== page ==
Author & Interviewer: Nethra Rammohan
I stumbled upon Damon’s YouTube channel over a year ago and was promptly captivated by his wit and authenticity. In addition to having a flair for documenting and discussing the mundane, in extraordinary and picturesque ways; Damon’s candid personality makes the uniqueness and unfamiliarity of European culture feel more approachable and accessible to viewers. His content serves as a window into other lifestyles, and continually inspires me to appreciate and discover more about the world we live in.
NR: For anyone who is unfamiliar with your work, how would you describe who you are and what you do?
DD: My name is Damon Dominique and I’m making the travel show I’ve always wanted to watch - the show where I talk about how I got ghosted in Prague, but also the show where I break down the differences between the United Kingdom, Great Britain, and England. I take you with me as I drink red wine with my friends in parks in Paris, out to the club in Tel Aviv, and to the villages of Kenya. The twitter version is that I am an American who has made a living out of my adventures around the world and more specifically, in Paris for the last ten years.
NR: Your cinematography and editing style bear the mark of someone who is influenced by contemporary films and directors. Who are some of your favorite filmmakers, and what impact has their work had on yours?
DD: I love a lot of the design elements from the Nouvelle Vague cinematic movement out of France, but overall, I’d say my cinematic style is even more whimsical than that. I like to show reality, but I also enjoy making a moment look more magical with the right coloring, fonts, and music. If you were to compare me to my friends, I would say I actually know the least about cinema. I’d say I’m more inspired by my travels - picking up things like magazines, being bombarded with advertisements, [and] trips to supermarkets.
NR: “Red Wine Talks” is a popular, recurring series on your channel which has its own trademark structure and style: red-tinted footage, signature “theme” music, a conversational nature, etc. What inspired you to create such content and how did you establish the hallmark style and format it would take on?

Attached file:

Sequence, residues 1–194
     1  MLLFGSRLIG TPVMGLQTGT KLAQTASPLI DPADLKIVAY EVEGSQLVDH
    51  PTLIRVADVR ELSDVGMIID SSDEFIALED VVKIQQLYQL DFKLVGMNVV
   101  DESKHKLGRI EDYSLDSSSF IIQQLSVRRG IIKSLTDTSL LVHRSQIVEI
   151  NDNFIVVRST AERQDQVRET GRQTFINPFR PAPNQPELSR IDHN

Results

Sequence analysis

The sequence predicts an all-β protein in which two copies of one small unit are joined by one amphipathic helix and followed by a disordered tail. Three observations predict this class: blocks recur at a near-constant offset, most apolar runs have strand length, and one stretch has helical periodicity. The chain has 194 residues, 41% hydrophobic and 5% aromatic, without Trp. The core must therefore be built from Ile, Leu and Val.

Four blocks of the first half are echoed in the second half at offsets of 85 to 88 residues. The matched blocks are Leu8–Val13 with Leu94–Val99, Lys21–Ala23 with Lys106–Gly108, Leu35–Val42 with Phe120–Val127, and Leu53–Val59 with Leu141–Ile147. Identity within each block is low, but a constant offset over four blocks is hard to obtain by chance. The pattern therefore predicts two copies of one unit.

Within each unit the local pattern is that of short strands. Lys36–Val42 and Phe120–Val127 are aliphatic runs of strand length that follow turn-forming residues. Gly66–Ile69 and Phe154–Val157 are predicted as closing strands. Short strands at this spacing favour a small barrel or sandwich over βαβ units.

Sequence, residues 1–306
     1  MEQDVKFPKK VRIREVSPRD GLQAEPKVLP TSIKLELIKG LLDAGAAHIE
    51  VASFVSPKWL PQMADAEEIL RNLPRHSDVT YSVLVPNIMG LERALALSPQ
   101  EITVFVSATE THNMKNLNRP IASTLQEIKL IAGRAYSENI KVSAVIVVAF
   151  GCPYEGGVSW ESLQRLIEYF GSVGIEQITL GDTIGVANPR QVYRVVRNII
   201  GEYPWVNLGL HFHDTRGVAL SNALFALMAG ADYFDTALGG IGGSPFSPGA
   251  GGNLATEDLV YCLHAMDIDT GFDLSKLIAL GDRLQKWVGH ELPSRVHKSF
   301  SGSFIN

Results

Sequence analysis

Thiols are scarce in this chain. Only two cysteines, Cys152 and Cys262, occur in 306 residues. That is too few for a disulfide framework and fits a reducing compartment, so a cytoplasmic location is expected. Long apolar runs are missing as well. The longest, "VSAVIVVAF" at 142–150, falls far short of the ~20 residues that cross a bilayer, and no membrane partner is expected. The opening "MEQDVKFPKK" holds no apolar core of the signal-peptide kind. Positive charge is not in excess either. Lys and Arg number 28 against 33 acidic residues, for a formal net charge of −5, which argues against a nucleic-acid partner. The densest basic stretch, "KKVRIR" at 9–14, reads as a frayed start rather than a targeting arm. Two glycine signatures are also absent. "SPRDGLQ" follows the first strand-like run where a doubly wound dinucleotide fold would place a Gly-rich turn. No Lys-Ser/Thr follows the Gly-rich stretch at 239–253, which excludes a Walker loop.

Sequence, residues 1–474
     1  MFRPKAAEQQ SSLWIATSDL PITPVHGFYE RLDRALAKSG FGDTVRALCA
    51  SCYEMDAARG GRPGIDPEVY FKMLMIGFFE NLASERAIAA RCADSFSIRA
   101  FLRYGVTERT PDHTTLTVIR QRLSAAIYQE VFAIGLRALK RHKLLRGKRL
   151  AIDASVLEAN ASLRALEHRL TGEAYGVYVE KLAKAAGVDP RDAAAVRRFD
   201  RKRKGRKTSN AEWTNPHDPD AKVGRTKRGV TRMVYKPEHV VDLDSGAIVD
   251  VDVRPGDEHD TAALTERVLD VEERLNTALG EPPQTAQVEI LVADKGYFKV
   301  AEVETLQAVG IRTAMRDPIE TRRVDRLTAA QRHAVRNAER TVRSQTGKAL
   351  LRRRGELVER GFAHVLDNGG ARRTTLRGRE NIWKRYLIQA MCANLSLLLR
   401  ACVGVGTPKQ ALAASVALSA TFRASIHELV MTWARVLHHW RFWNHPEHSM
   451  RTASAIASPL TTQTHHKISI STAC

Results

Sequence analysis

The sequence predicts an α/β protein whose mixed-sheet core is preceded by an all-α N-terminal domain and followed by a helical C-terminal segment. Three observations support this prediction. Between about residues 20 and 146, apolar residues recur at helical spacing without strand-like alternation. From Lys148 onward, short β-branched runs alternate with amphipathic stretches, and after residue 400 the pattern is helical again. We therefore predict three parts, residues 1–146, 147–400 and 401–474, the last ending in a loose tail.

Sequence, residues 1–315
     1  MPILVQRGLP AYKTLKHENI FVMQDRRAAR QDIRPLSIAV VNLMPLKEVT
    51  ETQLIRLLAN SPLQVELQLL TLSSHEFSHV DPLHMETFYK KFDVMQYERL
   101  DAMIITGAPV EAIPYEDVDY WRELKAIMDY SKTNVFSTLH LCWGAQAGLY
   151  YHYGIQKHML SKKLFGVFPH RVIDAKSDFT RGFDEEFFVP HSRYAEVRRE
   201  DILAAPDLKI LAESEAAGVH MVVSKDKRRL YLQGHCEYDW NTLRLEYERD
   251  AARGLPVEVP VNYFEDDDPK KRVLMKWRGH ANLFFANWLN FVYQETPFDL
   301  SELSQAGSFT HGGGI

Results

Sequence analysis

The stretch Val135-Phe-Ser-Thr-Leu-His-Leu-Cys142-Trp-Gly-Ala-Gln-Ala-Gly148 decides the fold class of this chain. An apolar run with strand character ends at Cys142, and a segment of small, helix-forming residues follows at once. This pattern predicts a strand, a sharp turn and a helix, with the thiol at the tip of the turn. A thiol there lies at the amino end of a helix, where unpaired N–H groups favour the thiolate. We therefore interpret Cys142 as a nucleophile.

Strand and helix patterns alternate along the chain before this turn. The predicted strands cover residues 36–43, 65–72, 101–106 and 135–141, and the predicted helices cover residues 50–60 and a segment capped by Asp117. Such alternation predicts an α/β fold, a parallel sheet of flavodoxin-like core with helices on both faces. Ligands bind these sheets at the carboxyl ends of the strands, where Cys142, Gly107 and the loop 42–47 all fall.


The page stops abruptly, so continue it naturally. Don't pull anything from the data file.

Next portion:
DD: I want to make something I would want to watch. The question is “how can I continue entertaining myself?” That’s the thing with YouTube. After years and years of making a video per week, you have to find a way to keep it entertaining for yourself.
I’m a rebel and I wanted to make a show that went against everything everyone had told me: “Make your content quick and fast! People have short attention spans!” Ok...I don’t? So surely there are people like me. I still enjoy listening to someone tell a full story - and not at 500mph. “Don’t put alcohol in your videos! Other brands won’t want to work with you!” Ok, but I like red wine? If they don’t want to work with me because I like to drink red wine, then it looks like it’s not a good match? “Don’t talk about topics like heartbreak and philosophy - people will get bored.” Again, I would love to watch a show like that. It just always seemed like people were telling me what they believed, but they were forgetting that there isn’t one ideal human to cater your craft to. We don’t all have to try to make content for every single person alive - it’s just not possible.
NR: Travel is interspersed into so much of your content, most notably in your documentaries. Talk me through your conceptualization and production process: how do you decide which locations to film in, and what dictates the final story you tell, or argument you’re making through your work? What does your research process involve?